Celebrating 1,000 issues of Superman!

Bounding Into Comics is at WonderCon! While most of the attention is placed on San Diego Comic ConWonderCon has slowly been building into one of the best conventions out there. Thankfully, Hollywood has started to take notice. More and more entertainment studios and publishers are helping it to become a contender for Southern California’s convention attention. Expect DC to have some great things saved for SDCC, but they are bringing their A-game to WonderCon. DC gathered together some of the best talents in the business to discuss their contributions and opinions about Clark Kent, the mild-mannered reporter otherwise known as Superman!

The greatest superhero of all time is turning 80! Superman is one of the most important fictional characters of the 20th century, if not the most important. He is the foundation for an entire genre and an entire art medium. Not to mention, an entire company was built around Detective Comics buying the rights to the character.

Think about something. There is only one super-powered crime-stopper in comic books older than Superman: Doctor Occult. Who was also created by Jerry Siegel and Joe Shuster.

That’s right, Siegel and Shuster invented the “superhero”.

So it makes sense for some of the best talents in comics to celebrate their most triumphant achievement’s 80th birthday. The panel included six of the biggest names in comics, many of whom have contributed greatly to both DC and comics in general. The moderator was Paul Manfort and the panel featured Jim Lee, Alex Sinclair, Norm Rapmund, Dan Jurgens, Marv Wolfman, and Jason Fabok.

Together, the group spent time exploring the past, present, and future of Superman. While they did get to the roots of what makes the character so special, the discussion started out fairly lighthearted.

The Red Trunks are back!

From Left to Right: Moderator Paul Malmont, Jim Lee, Alex Sinclair, Norm Rapmund, Dan Jurgens and Marv Wolfman - WonderCon Action Comics #1000 Panel - DC Comics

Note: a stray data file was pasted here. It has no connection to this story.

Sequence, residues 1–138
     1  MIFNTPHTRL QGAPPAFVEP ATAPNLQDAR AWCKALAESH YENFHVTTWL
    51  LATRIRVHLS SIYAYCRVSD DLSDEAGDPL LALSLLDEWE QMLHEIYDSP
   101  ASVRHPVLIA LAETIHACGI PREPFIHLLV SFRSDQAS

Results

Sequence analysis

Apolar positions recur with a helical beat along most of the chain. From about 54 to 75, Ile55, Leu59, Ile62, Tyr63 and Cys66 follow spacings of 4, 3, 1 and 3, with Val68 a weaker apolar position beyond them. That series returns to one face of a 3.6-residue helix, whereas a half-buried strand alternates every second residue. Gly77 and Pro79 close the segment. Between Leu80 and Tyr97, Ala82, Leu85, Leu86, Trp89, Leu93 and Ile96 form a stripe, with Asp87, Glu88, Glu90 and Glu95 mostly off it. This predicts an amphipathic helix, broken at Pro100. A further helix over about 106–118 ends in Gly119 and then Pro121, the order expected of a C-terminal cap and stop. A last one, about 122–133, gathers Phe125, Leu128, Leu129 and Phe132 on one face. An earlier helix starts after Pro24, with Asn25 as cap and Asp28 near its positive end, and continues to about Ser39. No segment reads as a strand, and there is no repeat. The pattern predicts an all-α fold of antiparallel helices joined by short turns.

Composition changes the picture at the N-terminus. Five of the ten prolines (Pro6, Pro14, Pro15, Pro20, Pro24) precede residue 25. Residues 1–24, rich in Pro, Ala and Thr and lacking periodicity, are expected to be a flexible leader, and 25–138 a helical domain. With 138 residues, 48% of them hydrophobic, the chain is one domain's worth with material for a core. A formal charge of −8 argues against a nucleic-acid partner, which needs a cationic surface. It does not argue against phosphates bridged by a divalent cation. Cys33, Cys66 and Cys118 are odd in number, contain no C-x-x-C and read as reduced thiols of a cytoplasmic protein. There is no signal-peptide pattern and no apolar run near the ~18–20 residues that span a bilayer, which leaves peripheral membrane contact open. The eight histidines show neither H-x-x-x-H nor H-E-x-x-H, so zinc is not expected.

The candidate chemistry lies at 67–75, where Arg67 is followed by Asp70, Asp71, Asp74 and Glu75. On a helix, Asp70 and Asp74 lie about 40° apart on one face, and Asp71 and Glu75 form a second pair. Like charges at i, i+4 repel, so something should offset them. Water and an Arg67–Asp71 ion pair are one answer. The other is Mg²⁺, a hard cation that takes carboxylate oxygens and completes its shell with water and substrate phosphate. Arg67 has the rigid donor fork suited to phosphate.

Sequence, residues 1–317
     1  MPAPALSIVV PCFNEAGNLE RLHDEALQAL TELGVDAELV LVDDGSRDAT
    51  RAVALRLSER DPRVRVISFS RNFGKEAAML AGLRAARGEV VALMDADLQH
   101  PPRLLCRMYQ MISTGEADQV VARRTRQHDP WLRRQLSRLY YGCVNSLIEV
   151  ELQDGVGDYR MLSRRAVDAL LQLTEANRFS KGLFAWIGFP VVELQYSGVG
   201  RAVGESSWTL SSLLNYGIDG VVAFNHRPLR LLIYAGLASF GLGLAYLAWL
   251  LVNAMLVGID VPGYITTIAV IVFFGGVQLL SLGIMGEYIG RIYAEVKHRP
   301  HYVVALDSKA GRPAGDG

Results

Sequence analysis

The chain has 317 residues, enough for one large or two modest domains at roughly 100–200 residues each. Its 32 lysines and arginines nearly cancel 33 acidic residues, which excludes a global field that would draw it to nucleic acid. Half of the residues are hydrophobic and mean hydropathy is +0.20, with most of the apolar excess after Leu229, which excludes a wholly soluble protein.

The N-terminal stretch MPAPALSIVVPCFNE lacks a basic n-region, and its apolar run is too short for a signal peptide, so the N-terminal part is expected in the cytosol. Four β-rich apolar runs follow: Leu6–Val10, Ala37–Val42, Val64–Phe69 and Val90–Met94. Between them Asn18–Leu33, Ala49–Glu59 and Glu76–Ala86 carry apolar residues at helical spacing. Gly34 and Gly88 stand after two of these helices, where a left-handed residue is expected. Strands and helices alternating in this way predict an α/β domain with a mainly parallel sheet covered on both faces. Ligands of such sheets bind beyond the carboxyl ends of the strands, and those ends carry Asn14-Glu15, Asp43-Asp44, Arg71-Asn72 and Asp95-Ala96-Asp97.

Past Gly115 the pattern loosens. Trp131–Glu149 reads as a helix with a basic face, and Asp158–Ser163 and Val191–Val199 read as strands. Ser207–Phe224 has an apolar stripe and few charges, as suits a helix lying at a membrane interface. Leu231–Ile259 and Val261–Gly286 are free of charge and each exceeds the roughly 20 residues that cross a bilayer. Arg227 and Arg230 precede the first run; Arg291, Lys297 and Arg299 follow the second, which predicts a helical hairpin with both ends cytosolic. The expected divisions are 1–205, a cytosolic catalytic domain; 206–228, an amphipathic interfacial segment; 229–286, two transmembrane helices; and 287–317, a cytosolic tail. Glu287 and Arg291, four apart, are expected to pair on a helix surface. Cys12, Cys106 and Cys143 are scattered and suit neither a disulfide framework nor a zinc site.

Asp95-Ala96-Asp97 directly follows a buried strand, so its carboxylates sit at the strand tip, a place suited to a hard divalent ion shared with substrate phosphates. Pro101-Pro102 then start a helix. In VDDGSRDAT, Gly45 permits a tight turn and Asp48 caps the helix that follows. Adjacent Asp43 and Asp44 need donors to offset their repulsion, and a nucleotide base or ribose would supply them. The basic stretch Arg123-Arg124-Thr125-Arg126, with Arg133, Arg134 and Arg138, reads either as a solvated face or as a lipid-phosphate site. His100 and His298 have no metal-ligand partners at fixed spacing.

From Left to Right: Moderator Paul Malmont, Jim Lee, Alex Sinclair, Norm Rapmund, Dan Jurgens and Marv Wolfman – WonderCon Action Comics #1000 Panel – DC Comics

While the panel didn’t have much in the way of announcements, a lot of time was spent preparing the world for the return of the Red Trunks! Brian Michael Bendis becomes the new Action Comics writer after issue #1000. So, it was time for a change or two.

Jim Lee: I’m not Trunkiest. I know when we decided to take them off for The New 52 they would come back..Having them come back with Brian seemed like an appropriate time to do it.

But apparently the trunks aren’t the only thing coming back. According to Alex Sinclair, one of the best colorists of all time, there’s something else too.

Alex Sinclair: I love the pages Jim is doing. There’s a lot of energy to them. It’s really cool to see that energy coming back to Superman again.

Apparently, Action Comics #1000 and Brian Michael Bendis’ run are going to be a big deal. But don’t forget current Action Comics writer Dan Jurgens! He’s also contributing to the issue with his longtime collaborator, Norm Rapmund. Apparently, it came as quite a shock.

Norm Rapmund: I didn’t think I was going to get to work on it! I wrote it off. Then Dan [Jurgens] called me and asked, ‘what’re you doing?’ and I said ‘just laying around.’ – *Laughs* – Then I finally got the pages. I got excited. I called my parents!

It’s endearing to hear such a successful artist still get excited about getting to work on a Superman comic. Even if it is Action Comics #1000. Even though Superman is the reason everyone was there, it took a village to put him together. The panel spent a lot of time talking about who was their biggest artistic influence when it comes to Superman.

What makes a Superman?

Superman and Lex Luthor - Art by Curt Swan - DC Comics

Superman and Lex Luthor – Art by Curt Swan – DC Comics